Renee LaGrant is a late bloomer.
The native Salt Laker has been around — in the worst possible sense of the word — but has been able to overcome obstacles, including sex trafficking and addiction, and now works to make a difference for women caught in the same traps.
“I’m doing great. I’m doing awesome,” she said with a big smile last week at Journey of Hope — Utah, an organization dedicated to women transitioning out of prison, fleeing domestic violence, overcoming addiction or escaping sex trafficking.
LaGrant, now 60, knows what they are up against. By age 16, she was working Salt Lake City’s former red light district along 200 South west of 400 West. It’s long gone, but it once was the scene of bars, drugs and violence, the underbelly of Utah’s capital in a time now past.
But only recently has she overcome addiction and been able to come to grips with her time as a victim of sex trafficking. Her work as a counselor for victims of trafficking also is relatively new.
LaGrant was “sexualized” at an early age, she recalled, and as one of the few African-Americans in her neighborhood near State Street, she was often derided and called the N-word — something that has always made her fight back. She was kicked out of the old South High School after she took on a student who hurled the epithet at her.
Things were a challenge at home, too. By 16, struggling to find her way, she began looking for diversions. It began innocently enough. LaGrant got her older sister’s ID and with a friend ventured into a bar where they met a man who promised them fancy clothes, jewelry and an exciting life. Soon she was servicing men from all walks of life who frequented west 200 South looking to buy sex.
“I’d go down there, dressed up all sexy, and flag down white men as they drove by,” she said. “They’d take us to a motel and when they finished, they give us cash.”
She had to pay her pimp $300 a day, minimum.
Drugs went with the job, she explained. She didn’t like the downers, like Quaaludes or heroin, but did get into crack cocaine and Thunderbird, a fortified wine.
“I stayed high because you can’t do that kind of work with a clear head,” LaGrant said. “And they don’t want you sober. They want that extra control.”
Trafficking of young people for sex is something that goes mostly unseen and unspoken, according to Salt Lake City police. Estimates vary widely, but according to the FBI, each year, hundreds of thousands of girls and young women are at risk of being trafficked for sex.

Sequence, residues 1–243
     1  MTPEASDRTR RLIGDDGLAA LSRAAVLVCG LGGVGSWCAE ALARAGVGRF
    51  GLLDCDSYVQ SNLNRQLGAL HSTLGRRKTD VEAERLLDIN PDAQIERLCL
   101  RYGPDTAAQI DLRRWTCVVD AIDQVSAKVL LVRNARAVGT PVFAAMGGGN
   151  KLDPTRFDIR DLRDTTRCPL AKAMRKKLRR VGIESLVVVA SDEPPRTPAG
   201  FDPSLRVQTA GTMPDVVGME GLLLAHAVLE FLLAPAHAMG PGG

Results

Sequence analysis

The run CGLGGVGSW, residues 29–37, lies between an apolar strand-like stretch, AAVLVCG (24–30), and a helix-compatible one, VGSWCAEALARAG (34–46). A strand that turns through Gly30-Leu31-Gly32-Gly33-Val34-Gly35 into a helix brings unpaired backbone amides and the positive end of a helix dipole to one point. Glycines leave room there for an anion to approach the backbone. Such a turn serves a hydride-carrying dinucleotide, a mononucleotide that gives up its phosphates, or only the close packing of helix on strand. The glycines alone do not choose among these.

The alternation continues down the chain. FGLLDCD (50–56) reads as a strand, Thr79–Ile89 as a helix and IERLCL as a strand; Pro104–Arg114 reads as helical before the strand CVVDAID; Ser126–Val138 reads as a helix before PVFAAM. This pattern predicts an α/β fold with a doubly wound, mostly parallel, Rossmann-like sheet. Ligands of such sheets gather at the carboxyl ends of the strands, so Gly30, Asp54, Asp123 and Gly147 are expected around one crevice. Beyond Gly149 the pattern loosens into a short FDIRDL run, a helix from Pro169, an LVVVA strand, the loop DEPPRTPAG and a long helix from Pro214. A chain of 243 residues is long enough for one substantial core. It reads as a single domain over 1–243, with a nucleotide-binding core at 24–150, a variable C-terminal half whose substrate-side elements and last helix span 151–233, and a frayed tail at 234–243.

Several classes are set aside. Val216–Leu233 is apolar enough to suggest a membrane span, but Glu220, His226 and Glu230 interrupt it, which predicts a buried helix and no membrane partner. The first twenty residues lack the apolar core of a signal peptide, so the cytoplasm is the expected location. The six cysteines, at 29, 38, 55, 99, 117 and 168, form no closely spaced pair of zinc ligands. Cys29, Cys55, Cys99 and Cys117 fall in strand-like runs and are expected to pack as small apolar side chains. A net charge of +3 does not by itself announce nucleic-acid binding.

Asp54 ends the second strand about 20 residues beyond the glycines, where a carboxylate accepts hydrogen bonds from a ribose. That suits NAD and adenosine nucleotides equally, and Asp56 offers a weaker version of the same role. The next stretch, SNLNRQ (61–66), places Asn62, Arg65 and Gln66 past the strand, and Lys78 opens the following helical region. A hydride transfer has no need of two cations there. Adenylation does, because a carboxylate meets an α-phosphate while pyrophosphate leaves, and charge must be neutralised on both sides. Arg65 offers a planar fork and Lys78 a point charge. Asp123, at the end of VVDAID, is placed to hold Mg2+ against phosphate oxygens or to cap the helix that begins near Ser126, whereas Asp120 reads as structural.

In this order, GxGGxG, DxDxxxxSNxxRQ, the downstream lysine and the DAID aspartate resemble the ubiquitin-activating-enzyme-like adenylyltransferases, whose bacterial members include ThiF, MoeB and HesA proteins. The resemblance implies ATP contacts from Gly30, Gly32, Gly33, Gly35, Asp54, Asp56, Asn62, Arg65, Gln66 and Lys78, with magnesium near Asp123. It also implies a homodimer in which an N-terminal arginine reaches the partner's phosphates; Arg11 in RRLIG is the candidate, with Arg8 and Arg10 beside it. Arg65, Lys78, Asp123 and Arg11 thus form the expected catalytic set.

Like LaGrant, the victims often are disaffected youths who are befriended by a relative or man who shows them love at first but then coerces them, by one means or another, into having sex with strangers. Soon they find themselves in physical or psychological bondage, often accompanied by drugs, where they may have sex with a dozen men a day.
Shannon Miller Cox, as a former program director for the Utah Department of Corrections, has firsthand experience with women who have suffered the phenomenon. There, she met women who had faced adversity but wanted a new chance at life. When she retired from the state four years ago, she founded Journey of Hope — Utah.
The organization helps women choose a path for success by teaching them to understand the trauma they have endured and how to return to normal life. It also focuses on education and vocational training.
Miller Cox recalled meeting LaGrant by happenstance at a fall 2016 training session the former corrections officer held. LaGrant, it turned out, had just come out of rehab after decades of addiction. Miller Cox urged her to come aboard her new organization.
LaGrant explained that it wasn’t until she got sober that she was able to process her emotions surrounding the years that she was trafficked for sex.
She had gotten pregnant in the late 1970s and by 21 was a mother who continued to work in the sex trade.
“My mother told me she was going to get custody of my son because I was leaving him here, there and everywhere,” she recalled. “The next day, my mom sent me to live with my auntie in Detroit.”
LaGrant worked at her aunt’s day care center. Although she stopped prostitution, she continued to use drugs. She married and had another child — a daughter — but continued to find living conventionally difficult.
“I have two kids,” she said, “and I’m trying to be a productive member of society.”
Her marriage lasted 13 years. When she returned to Salt Lake City to care for her ailing mother, she also found her way to the Salt Lake Rescue Mission Women’s Center for addiction recovery. Once sober, she sought to help other women who faced similar challenes.
Under the tutelage of Miller Cox, LaGrant began working with young women at Journey of Hope and started to get new perspectives of the impacts they suffered from trafficking — the same kind of trauma she had suffered. Among the symptoms is a lack of hope and self-esteem, opening the door for drug use as self-medication.
LaGrant knows that victims of trafficking are looked down upon. She hopes one day that will change.
“These women have been harmed, “ she said. “They should not be judged.”
JOURNEY OF HOPE <br> For more information on Journey of Hope, visit www.JourneyOfHopeUtah.org.